Share this...Share on FacebookTweet about this on TwitterShare on Google+Pin on PinterestShare on StumbleUponShare on TumblrShare on RedditDigg thisShare on LinkedInEmail this to someone

Twins on Being in the Same Classroom

Posted on
Categories Classroom Placement, From the Mouths of Multiples4 Comments

We’re a few weeks into 2nd grade. My daughters, M and J, are in the same classroom this year. They were together throughout their daycare careers, apart for the beginning of kindergarten, together for the second half of that year, and in co-taught but separate classrooms in 1st grade. I thought it was time to get their perspective on being in the same class at school.

Me: Remember the other day, we were talking about how you felt about being in Mrs. H’s class together this year?
M: Uh huh.
Me: J, do you remember that?
J: Mm hmm.
Me: One of things I mentioned is that for some twins, being together in class is a want, for others being apart is a need, and for some being together is a need. What is it for you?
J: It’s a need for me to be with M because I get really scared if I don’t know what M is doing and I cried on the first 3 days of school in first grade. Write that.
Me: Oh, honey! What about for you, M?
M: For me, it’s a want, but … It’s a want for me, but a need for J. And I don’t like J crying, so… and it’s a need for me for her to not cry so much, so it’s a half want, half need.
Me: So, J, what’s easier now that you’re in the same class?
J: What do you mean?
M: It’s good to know what prizes you’ll get so we can make sure none of the prizes are too dangerous and tell whoever’s the sister not to get that certain prize.
J: Making sure that the other sister is behaving in person and if they do they can report to Mom.
M: Making sure that someone doesn’t bully the sister, so we can report to our teacher.
Me: But don’t you do those things for your friends already?
M: Yes.
J: ♫ Gecko, gecko gecko gecko, gecko gecko gecko… ♫ (to the melody of the Can Can.)
Me: Back to what we were talking about. So, J, has the crying stopped now that you’re in the same class?
J: I only cry now if I’m in pain or if my feelings get hurt.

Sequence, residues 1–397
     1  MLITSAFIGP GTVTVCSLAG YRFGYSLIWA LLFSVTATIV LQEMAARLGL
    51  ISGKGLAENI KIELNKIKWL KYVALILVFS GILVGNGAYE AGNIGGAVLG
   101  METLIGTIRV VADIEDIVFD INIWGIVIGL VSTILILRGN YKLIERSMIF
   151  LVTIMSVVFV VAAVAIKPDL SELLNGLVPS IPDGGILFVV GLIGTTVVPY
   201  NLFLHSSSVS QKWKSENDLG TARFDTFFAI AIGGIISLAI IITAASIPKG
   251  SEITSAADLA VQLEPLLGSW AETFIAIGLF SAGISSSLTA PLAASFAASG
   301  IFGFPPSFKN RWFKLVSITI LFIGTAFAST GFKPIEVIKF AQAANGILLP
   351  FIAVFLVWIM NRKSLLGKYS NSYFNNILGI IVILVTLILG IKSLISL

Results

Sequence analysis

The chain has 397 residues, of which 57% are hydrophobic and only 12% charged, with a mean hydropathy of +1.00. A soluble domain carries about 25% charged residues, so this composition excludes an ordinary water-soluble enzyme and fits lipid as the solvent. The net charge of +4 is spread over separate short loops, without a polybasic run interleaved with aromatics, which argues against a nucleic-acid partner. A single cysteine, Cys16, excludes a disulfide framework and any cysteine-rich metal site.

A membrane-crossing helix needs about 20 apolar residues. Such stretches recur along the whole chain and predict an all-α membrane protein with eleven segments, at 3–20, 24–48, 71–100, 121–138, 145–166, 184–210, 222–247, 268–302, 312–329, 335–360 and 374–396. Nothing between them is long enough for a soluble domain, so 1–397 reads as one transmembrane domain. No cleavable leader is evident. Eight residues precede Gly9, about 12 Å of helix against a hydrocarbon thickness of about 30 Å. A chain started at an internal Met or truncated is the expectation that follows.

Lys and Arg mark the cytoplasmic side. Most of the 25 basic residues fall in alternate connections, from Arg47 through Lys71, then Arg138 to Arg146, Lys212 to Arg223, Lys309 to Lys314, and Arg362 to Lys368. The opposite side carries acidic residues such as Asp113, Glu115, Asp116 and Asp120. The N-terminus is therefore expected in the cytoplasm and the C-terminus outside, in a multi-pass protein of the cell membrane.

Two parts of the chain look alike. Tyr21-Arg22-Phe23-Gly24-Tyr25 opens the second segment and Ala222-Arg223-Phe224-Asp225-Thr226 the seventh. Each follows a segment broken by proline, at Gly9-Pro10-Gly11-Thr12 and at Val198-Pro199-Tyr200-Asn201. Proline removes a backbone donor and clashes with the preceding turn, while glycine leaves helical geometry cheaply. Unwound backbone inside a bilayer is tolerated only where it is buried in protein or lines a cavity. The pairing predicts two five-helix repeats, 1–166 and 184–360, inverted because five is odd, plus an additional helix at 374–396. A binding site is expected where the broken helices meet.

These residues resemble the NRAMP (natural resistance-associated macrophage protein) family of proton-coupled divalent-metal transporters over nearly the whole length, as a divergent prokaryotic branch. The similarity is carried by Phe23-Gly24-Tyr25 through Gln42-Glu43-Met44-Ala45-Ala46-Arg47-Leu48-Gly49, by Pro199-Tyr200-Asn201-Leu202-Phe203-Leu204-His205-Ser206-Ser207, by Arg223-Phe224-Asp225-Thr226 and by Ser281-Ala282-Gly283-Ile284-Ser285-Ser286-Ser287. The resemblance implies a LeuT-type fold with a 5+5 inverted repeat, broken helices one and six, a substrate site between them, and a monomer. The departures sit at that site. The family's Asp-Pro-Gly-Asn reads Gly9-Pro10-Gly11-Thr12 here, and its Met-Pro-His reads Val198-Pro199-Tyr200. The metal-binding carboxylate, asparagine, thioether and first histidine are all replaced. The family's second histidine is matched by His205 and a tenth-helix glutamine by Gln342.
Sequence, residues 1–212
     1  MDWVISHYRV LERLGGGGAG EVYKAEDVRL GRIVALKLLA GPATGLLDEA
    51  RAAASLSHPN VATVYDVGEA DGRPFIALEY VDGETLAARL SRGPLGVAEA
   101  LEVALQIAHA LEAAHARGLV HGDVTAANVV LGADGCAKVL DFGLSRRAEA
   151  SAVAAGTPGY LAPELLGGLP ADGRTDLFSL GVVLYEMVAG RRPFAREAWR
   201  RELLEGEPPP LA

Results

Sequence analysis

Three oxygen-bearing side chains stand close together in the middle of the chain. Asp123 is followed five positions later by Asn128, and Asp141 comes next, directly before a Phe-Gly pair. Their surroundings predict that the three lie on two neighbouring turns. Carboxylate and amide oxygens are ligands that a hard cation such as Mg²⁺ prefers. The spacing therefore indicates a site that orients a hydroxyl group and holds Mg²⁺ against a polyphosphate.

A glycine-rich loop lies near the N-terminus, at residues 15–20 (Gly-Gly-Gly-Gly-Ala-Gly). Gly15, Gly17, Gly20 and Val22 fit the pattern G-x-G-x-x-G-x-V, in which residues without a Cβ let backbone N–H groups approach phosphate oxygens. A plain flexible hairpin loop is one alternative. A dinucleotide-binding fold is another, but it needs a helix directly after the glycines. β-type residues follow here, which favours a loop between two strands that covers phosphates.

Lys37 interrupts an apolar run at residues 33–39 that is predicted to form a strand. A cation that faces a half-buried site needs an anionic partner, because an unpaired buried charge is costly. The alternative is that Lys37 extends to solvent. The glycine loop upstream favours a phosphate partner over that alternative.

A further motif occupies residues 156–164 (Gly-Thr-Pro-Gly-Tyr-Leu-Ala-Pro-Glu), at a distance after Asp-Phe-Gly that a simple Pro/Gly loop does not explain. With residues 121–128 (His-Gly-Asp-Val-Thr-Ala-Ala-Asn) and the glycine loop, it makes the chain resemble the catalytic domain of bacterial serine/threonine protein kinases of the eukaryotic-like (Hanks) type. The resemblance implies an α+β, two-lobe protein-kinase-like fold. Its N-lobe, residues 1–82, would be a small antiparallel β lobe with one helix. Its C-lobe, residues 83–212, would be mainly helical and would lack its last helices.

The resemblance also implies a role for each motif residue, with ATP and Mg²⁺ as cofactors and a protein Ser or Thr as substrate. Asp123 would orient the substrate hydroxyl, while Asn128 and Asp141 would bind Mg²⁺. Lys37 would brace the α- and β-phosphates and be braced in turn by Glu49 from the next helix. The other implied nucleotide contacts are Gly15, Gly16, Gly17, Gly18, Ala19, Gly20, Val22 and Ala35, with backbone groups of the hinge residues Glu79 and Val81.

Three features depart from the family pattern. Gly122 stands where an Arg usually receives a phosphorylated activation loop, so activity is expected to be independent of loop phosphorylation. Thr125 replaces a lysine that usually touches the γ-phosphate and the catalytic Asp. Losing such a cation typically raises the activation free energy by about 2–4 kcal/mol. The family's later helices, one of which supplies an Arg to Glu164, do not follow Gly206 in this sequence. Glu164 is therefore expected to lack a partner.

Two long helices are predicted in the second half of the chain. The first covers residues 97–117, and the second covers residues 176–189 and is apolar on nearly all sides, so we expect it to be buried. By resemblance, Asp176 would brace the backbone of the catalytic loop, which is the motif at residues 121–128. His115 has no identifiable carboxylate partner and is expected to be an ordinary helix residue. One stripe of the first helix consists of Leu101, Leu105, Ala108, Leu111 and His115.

M: And then M comes to the rescue!
Me: But isn’t it distracting to be worrying about your sister when you’re supposed to be learning?
M: Well, first I get permission to get out of my seat to help her or go to the nurse’s office with her.
3setsoftwinsMe: What about for D and R (the other set of identical girls, who are together in the other dual language classroom), do you think it’s a need for them?
J: I don’t know. I’m not them.
M: I think D and R fight less when they are in the same class.
Me: And what about J1 and J2 (the identical boys split between the 2 dual language 2nd grade classrooms)?
M: Well, for J1 and J2, they don’t need to be in the same class and they don’t want to be in the same class. I think that being with their brother is a distraction because they love playing with their brother and like to be good students and they don’t want to get in trouble so they like being in different classes.
J: But J1 is still one of the jokesters of the class.
M: Yes, but when Mrs. H gives him permission to be a jokester and cheer someone up.

Photo Credit: Tambako the Jaguar
Photo Credit: Tambako the Jaguar

J: ♫ Gecko, gecko gecko gecko, gecko gecko gecko… ♫ Geckos lick their eyeballs to blink because they don’t have any eyelids. Isn’t that a fascinating fact?
M: Actually, it’s more disgusting.
J: Uh uh. It’s fascinating.
Me: So do you think schools should have a rule about whether twins can or should be together?
M: No, because for some twins it’s a need and some it’s a want and for some it’s not a need and for some it’s not a want.